As one “refines” with time (read: grows older), things that have always been nagging at the back of mind start becoming louder. [That’s not a good thing, since all that noise in the “foreground” of thought is what adds to road accidents and unsuccessful romances.]
Anyhow, I’ve always read biographies of Prophet Muhammad (pbuh) and wondered… if I was on the “other side” of the writer (for those hooked on hindi movies and need everything painfully spelled out, this means a muslim reading a non-muslim author and vice versa), why would I trust your objectivity? I don’t know if – in a subject of that sort – it is even possible to be objective. And I don’t appreciate the weaving in and out of facts and opinions without making clear which is which. Not in a biography. In “The DaVinci Code” or “Chah-e-Babul“, that’s needed and what keeps me riveted.
I explain (or try to), my question.
Say I am a non-muslim writer, and not writing one of those “all is wrong” kind of books. I clearly don’t believe he was a prophet, but I am writing about a person who claimed to be one. Can I write an objective biography, objectively analyze all sources and not pick and choose, and leave the book without introducing any bias of “disbelief”?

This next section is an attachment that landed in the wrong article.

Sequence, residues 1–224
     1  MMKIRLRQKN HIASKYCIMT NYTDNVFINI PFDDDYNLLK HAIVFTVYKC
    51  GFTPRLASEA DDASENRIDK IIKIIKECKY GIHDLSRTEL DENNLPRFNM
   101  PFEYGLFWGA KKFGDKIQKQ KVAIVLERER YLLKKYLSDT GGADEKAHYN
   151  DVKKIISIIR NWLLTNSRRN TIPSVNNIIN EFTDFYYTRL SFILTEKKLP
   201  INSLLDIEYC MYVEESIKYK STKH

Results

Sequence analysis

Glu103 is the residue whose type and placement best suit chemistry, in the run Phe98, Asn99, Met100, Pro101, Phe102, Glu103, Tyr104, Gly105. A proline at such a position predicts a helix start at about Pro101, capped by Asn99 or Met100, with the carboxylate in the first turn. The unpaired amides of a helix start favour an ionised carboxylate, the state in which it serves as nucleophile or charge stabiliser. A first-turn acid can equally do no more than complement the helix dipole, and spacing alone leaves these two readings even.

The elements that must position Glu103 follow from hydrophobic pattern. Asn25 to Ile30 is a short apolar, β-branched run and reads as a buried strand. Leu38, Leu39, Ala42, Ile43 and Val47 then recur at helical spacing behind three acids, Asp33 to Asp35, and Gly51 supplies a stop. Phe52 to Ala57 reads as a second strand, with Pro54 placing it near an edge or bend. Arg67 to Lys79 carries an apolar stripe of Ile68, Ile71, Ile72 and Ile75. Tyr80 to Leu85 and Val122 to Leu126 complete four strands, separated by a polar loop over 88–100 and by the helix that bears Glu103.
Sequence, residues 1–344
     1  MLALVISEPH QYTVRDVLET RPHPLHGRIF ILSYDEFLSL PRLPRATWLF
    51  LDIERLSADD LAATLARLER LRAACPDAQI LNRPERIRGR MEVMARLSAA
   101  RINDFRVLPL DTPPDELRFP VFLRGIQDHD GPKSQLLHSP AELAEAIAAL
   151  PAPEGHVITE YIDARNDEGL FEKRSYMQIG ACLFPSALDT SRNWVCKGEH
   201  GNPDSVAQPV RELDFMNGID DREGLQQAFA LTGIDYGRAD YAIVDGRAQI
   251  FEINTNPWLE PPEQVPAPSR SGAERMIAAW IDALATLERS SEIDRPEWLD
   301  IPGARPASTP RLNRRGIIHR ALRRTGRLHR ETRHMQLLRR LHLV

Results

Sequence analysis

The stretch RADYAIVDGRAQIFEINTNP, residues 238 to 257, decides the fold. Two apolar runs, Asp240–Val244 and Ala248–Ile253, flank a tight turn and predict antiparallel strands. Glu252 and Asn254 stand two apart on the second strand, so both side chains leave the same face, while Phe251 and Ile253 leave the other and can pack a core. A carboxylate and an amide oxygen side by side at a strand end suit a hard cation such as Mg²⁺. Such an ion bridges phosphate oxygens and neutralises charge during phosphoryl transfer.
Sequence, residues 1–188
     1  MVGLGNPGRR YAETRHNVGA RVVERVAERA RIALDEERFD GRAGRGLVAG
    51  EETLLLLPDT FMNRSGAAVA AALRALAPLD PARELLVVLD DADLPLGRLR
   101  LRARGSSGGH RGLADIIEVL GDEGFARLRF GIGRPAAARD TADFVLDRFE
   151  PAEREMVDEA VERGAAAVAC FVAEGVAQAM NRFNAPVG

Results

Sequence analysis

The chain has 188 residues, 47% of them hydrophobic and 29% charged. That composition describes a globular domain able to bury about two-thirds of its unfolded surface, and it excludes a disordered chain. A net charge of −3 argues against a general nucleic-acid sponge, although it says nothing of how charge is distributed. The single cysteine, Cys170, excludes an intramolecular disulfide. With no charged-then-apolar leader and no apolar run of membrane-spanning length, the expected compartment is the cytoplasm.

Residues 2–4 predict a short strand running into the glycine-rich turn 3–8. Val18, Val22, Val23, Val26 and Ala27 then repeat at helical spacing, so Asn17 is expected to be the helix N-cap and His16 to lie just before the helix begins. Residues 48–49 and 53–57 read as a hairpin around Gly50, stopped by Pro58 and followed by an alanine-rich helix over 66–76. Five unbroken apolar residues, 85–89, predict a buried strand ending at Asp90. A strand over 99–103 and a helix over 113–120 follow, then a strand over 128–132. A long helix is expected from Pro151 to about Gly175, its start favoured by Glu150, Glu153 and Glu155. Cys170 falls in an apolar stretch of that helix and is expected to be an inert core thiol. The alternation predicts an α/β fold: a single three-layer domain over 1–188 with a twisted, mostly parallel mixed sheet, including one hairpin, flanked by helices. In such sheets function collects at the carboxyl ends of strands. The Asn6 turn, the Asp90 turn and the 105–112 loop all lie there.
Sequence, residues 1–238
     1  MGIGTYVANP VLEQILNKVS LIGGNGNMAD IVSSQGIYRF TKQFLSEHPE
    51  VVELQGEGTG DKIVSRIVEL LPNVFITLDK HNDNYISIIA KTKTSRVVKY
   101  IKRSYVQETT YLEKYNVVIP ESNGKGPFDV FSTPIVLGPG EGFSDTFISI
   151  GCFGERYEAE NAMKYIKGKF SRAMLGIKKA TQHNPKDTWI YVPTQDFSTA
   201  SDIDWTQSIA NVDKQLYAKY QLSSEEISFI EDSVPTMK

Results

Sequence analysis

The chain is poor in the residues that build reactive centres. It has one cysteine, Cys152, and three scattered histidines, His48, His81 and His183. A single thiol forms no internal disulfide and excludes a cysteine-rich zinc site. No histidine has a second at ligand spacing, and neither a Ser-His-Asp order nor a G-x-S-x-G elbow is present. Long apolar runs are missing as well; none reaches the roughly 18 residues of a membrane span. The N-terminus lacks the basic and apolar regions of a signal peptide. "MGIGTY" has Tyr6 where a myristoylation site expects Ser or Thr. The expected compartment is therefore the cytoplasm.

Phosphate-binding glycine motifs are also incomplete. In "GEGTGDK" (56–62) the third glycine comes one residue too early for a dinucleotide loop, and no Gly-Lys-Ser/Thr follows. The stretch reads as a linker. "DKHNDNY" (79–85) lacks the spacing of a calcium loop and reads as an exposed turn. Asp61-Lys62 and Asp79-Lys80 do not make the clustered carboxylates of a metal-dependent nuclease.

Conversely, writing as a muslim, can I objectively write about his life while entertaining the possibility that he might not be a prophet?
It sounds a bit like not believing in global warming and writing a book about a dedicated environmentalist’s efforts. It can be done, sure. People write (and read) all sorts of stuff (witness this blog, and I rest my case!)
But was it an “objective” account? So far, I haven’t been convinced by either side’s writing. And I’m only objecting to the claim of “impartial” narratives.
If you don’t claim to be something (e.g. an objective narrator), you might get every benefit of doubt. But if you do… remember what happens to people in glass houses. In addition to other people using the walls as target practice for the olympics stone-throwing competition, it gets pretty hot in there.
Remember the global warming that isn’t happening?